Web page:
A clear theme runs across everything being said by Cumbrian people as part of this Success Regime consultation period.
Give us health services that fit our rural circumstances
Young or older, the diversity of their requirements means they want a proper general hospital in both of the key sites, Whitehaven (West Cumberland Hospital, WCH) and Carlisle (Cumberland Infirmary Carlisle, CIC), and older people’s services to be near to their homes.
Two examples of requirements mentioned by stakeholders (in no way official, just my take on what was said and reported):
- Women want consultant-led maternity to remain at both sites.
- Older people want beds in cottage hospitals to remain open, because they know they’ll probably need them.
41% of people whose official wishes are to die at home, die in hospital instead, as there are often unscheduled emergencies on the way to dusty death. Better to be closer to home.
Why we can’t have what we want
Those two particular services are linked, though you might not realise it. Both WCH and Alston Cottage hospital are struck by a lack of staffing. There is a staggering number of vacancies across the NHS in Cumbria, in quite specialist positions, and this results in either dangerously low levels of staffing, or locums being employed – at great expense.
For some reason doctors, consultants, nurses, and auxilliary staff, don’t want to risk their happiness by living out here permanently in the bleak north, or whatever it is others believe this beautiful place to be.
[EDIT: Maternity consultants at WCH emphatically disagree:
“We are also disappointed that our recent successes in recruitment have been denied publicity. The trust and Success Regime have not engaged with our new working models and new recruitment strategy, nor considered it as a way of improving recruitment within other departments.”]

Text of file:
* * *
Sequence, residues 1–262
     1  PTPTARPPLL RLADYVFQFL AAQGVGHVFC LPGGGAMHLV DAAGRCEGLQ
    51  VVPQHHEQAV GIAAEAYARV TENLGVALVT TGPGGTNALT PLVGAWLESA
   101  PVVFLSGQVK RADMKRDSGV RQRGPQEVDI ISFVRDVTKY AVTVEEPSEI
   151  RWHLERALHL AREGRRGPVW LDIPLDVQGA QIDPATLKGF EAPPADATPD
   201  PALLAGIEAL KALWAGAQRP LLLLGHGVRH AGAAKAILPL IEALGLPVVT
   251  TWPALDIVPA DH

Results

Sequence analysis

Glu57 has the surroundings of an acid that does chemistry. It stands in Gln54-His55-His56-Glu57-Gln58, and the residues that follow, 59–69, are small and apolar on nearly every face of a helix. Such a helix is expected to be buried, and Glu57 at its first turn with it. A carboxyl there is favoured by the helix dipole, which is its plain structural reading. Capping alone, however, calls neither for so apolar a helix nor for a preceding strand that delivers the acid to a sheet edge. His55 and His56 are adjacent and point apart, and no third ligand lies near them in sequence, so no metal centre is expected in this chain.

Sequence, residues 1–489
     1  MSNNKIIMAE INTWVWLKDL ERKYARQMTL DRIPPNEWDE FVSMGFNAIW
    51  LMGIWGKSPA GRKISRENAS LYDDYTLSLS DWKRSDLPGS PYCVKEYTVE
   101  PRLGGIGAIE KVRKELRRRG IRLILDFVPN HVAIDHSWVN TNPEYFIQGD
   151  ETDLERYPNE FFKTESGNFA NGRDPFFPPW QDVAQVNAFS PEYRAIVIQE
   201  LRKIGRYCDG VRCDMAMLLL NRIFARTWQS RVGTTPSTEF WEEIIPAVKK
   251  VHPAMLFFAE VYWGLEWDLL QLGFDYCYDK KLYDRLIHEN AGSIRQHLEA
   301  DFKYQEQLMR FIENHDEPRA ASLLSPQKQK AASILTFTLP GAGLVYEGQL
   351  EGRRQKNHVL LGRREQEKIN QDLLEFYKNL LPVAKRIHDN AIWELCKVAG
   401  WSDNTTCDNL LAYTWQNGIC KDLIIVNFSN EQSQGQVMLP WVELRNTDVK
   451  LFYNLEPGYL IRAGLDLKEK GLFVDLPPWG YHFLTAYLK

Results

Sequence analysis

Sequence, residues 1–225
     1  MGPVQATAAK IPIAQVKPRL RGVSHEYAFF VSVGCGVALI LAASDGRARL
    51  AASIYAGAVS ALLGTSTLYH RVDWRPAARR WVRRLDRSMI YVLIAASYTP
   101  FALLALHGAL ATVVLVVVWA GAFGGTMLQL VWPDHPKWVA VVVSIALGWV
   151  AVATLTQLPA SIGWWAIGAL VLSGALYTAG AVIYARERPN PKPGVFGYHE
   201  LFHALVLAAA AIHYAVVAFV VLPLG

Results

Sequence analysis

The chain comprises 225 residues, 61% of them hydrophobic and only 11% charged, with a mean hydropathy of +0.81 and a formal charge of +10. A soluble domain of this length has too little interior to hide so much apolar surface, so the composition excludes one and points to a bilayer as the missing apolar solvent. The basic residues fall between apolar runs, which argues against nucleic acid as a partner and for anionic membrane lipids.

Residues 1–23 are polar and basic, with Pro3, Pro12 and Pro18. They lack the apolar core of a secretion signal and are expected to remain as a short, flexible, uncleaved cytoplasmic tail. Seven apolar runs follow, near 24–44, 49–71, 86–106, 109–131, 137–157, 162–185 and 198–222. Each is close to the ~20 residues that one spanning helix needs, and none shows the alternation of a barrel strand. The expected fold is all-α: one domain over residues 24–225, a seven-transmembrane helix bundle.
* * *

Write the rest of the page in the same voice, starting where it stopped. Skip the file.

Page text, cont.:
Because they say they can’t get the staff for more remote areas, or the more grim places, the Success Regime wants the people to be able to receive care at home instead of hospital.
So you’d have thought they would have included health and social care services in the consultation and the proposed strategy.
Debbie Freake, an important member of Cumbria Clinical Commissioning Group, more or less admitted at the Kirkby Stephen consultation meeting that although the plans did lean more on health and social care, they hadn’t been included in the plans as there was a very wide scope just with health services.
And there’s the problem, right there. It’s a poorly thought-out plan that misses the obvious. It’s almost as though they intended to pass the buck to social care. If it was meant to work, they would have included all the services across health and social care, to create a joined up approach.
The consultation document contains 3 different ‘options’ for each of the areas under reform – maternity, hyper-acute stroke, children’s, and emergency and acute services. But those options are a joke!
The weird, laughable (scary) ‘options’
In each set of options they provide one they support, one that is similar to the first, but without some key service for some reason, and one option that is more or less unworkable.
(Images taken from the easy read’ consultation document).
Take the Emergency and acute options (pictured): the third option is ludicrous, just considering Carlisle’s roads and access to hospitals for A&E. But if anyone’s been to CIC’s A&E in recent years, it’s not exactly a tip-top service, with a bottleneck that starts with ambulances having to wait outside the unit, and ends with patients abandoned for hours on A&E until a bed can be made available … somewhere – anywhere. The real blockage is in the number of beds available. (Often none). So unless CIC increases its beds, an enlarged A&E service will go nowhere. And they said elsewhere that they hope to decrease CIC’s beds in years to come. The mind boggles.